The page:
R. N. MISRA J. - The Income-tax Appellate Tribunal, Cuttack Bench, has stated these cases and referred the following questions under section 256(1) of the Income-tax Act, 1961 (hereinafter referred to as 'the Act') for the opinion of the court :
'(1) Whether, on the facts and in the circumstances of the case, and on a proper construction of the agreement, the income earned by the assessee from the shops constructed on the land belonging to the P.M. Academy School was rightly held to be not assessable under section 28 of the Income-tax Act, 1961, as income from business and assessable only under section 56 as income from other sources ?
(2) Whether, on the facts and in the circumstances of the case, the claim of the assessee that it was a partnership firm carrying on business and consequently entitled to registration under section 185 of the act was rightly rejected ?'
The relevant assessment year is 1969-70, corresponding to the previous year ending with March 31, 1969. The assessee made a return of income showing the status as that of a partnership firm and also applied for registration under section 185 of the Act. In support of the claim of registration a deed of partnership dated October 4, 1968, operative with effect from May 1, 1968, was relied upon. Sri Narasingha Kar entered into an agreement with the Headmaster of the P.M. Academy (to the detailed terms of which we shall advert in due course) on April 25, 1968, in terms whereof Narasingha undertook to construct twenty shop rooms on partnership agreement which undertook construction and after the construction was over, let out the shops and collected rents from the tenants in terms of the right conferred on Narasingha under the said agreement.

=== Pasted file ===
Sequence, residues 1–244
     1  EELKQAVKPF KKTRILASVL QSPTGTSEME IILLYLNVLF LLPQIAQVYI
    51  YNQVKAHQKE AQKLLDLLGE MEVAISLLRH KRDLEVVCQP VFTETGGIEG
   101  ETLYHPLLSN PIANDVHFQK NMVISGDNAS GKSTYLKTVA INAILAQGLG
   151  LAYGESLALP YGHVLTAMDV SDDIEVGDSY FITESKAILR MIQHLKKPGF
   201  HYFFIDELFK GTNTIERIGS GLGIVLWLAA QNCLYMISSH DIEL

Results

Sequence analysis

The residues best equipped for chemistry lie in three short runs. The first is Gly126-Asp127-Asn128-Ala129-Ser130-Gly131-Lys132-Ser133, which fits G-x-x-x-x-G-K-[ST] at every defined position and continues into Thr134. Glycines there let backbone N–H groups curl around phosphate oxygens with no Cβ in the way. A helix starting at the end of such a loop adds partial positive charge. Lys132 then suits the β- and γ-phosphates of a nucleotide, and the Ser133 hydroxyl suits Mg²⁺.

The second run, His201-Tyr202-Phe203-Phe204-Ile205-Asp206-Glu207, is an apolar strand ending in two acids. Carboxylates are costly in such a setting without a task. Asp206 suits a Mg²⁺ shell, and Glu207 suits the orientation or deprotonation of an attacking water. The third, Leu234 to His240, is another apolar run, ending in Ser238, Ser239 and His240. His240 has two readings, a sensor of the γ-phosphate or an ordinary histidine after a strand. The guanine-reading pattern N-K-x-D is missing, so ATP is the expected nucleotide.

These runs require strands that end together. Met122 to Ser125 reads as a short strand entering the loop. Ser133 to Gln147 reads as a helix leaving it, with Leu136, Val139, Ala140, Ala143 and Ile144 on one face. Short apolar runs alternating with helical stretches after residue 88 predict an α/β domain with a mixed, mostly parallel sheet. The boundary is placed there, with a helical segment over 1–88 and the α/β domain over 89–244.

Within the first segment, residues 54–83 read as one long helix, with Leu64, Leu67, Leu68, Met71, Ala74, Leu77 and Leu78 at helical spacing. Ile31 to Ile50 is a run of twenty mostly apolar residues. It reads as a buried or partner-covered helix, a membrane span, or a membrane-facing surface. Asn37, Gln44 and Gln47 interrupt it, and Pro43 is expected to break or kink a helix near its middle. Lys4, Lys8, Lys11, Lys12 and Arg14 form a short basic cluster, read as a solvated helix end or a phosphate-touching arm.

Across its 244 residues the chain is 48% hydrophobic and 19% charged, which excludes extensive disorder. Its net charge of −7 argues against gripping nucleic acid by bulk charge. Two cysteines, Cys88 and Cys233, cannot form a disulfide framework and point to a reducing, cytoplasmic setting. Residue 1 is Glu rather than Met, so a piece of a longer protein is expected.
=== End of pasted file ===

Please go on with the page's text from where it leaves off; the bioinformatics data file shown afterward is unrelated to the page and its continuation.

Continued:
The Income-tax Officer came to hold that the income in the hands of the assessee was income from house property liable to be assessed in terms of section 22 and not under section 28 or section 56 of the Act as claimed. Therefore, as the assessee was not carrying on any business, there could be no firm as claimed. Accordingly, the income was assessed treating the status of the assessee as an association of persons and the application for registration was rejected.
The assessee filed two appeals - one against the assessment treating the assessee as an association of persons and the other against refusal of registration. The Appellate Assistant Commissioner came to the conclusion that the assessee had been given only permissive possession of the vacant site and, therefore, the income from property raised by the assessee was not chargeable under the head 'Income from property'. Yet he accepted the finding of the Income-tax Officer that the assessee did not carry on any business and, therefore, was not entitled to registration of any firm under section 185 of the Act. He directed that the income in the hands of the assessee be treated as income from other sources.